The Spiritual Formation Retreats of the past two weekends, one in Olympia, WA and the other in Crestline, CA afforded me an opportunity to reflect and converse with a number of Emerging Journey participants around this simple poem, “Fire.” It is often very simple images that can cause us to think or re-think where we find ourselves. Amidst all the stuff of life—demands and tasks, relationships and expectations, intentions and decisions, etc—we often need perspective. This poem provided many a window into their pace and their work and their attentiveness in life.
Simply allow this poem to stir your thoughts as you read it aloud 3 or 4 times …What jumps out?Where does this poem take you?
Fire What makes a fire burn is space between the logs, a breathing space. Too much of a good thing, too many logs packed in too tight can douse the flames almost as surely as a pail of water. So building fires requires attention to the spaces in between, as much as to the wood. When we are able to build open spaces in the same way we have learned to pile on logs, then we come to see how it is fuel, and the absence of fuel together, that make fire possible. We only need to lay a log lightly from time to time. A fire grows simply because the space is there, with openings in which the flame that knows just how it wants to burn can find its way. by Judy Brown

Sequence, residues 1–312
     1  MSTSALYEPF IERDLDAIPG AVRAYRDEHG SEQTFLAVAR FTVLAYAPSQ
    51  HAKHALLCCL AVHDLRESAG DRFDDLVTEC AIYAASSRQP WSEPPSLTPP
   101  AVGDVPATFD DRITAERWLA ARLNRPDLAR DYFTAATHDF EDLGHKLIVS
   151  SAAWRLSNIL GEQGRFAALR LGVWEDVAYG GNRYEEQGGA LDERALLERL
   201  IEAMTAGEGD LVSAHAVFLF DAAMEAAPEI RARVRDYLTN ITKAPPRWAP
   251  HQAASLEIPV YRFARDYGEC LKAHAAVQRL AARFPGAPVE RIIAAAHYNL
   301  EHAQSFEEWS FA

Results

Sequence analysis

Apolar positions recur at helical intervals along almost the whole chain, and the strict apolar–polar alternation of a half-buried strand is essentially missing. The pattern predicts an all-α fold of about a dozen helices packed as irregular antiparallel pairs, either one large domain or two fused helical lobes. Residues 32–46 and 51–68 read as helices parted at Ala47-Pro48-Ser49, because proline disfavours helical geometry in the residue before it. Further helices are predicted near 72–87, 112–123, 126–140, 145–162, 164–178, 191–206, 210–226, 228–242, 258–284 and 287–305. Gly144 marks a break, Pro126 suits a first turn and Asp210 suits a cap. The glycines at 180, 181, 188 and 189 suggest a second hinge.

Sam M Intrator and Megan Scribner, editors, Teaching with Fire: Poetry that Sustains the Courage to Teach, (San Francisco: Jossey-Bass, 2003), 89. Possible Questions for Further Exploration: • When did you learn to start a fire? What do you remember of these early lessons? • What in the world does this have to do with your life of faith? • “So building fires requires paying attention to the spaces in between, as much as to the wood”, what are some of the things you are being invited to pay attention to today? • Where is there” breathing space” in your life? in your family’s life? in your community’s life? in your team?